CHICAGO – State Rep. Aarón Ortíz, D-Chicago, is expanding opportunities for personal expression in graduation ceremonies and attire through a new bill.
“Every student has a right to celebrate their personal and familial heritage when they receive their high school diploma,” Ortíz said. “These young people are proud of who they are and where they come from. Unfortunately, many minority students have been barred from honoring their heritage and families during such a celebratory time. This legislation changes that and allows these students to show their pride in who they are and where they come from.”
Ortíz’s House Bill 2469 prohibits a school’s dress code from outlawing graduation attire that reflects a cultural, ethnic, or protected identity characteristic. The Human Rights Act outlines a protected characteristic as race, religion, sex, ancestry, sexual orientation, disability among others. Currently, school boards and councils adopt dress codes that would apply to graduation attire.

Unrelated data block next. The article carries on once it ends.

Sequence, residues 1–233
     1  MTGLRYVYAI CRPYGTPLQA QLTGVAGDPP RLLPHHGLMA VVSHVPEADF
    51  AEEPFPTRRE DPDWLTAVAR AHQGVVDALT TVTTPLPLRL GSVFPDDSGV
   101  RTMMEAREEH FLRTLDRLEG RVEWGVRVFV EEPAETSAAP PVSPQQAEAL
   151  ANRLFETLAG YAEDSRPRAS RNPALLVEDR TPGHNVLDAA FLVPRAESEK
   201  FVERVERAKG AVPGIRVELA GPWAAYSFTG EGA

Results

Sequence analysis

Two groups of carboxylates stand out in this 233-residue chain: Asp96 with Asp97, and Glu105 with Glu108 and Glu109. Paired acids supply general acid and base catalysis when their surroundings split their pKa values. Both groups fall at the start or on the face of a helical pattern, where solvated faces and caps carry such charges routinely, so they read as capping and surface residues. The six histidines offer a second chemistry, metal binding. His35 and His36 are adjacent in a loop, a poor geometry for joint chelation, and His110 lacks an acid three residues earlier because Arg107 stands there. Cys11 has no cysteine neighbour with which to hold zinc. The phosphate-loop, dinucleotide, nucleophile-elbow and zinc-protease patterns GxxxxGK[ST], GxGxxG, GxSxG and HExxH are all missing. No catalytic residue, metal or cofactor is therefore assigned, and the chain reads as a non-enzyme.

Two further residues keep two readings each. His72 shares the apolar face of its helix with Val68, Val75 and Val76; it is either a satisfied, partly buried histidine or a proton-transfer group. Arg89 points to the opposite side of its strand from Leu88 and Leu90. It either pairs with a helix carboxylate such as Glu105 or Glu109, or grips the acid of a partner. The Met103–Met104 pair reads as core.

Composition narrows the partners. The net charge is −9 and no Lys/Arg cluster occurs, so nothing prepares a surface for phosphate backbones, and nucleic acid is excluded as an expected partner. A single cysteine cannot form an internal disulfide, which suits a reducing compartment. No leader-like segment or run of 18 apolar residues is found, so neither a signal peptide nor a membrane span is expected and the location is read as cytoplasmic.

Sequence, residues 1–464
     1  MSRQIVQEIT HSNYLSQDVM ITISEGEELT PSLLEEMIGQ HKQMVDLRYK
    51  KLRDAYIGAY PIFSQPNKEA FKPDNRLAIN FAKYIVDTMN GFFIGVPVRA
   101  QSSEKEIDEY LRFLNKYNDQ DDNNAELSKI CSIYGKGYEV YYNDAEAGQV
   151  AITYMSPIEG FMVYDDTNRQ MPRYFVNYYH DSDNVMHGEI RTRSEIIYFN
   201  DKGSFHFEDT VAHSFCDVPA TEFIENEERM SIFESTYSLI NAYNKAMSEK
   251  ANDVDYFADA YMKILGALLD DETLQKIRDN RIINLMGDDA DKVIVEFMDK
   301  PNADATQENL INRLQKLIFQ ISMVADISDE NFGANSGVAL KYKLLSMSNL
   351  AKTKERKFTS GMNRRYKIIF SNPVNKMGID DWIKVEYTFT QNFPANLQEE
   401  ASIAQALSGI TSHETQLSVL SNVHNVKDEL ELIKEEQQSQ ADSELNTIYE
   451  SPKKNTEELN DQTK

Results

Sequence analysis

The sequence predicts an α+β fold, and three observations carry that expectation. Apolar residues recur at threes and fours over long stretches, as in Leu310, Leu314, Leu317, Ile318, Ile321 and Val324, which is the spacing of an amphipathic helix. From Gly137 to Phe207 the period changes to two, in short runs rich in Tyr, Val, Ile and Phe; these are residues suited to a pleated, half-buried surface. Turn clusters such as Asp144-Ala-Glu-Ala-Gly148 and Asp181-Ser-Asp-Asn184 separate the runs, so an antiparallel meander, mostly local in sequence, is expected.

This bill now moves to the Senate.
Ortíz has long supported minority students in the classroom. He passed House Bill 3281 which amends the school code to include coursework on the naturalization process, allowing every student to learn about what it takes for the people in their community to become a citizen.
“Children of Mexican or Latin American immigrants have often faced pushback for wearing flags, decorating their caps,” Ortíz said. “School districts have forced Black students for traditional African colors, symbols, or designs as well. This is a problem throughout our state, so we moved to change that. I look forward to working with my Senate colleagues to make sure every student can celebrate their background on their special day.”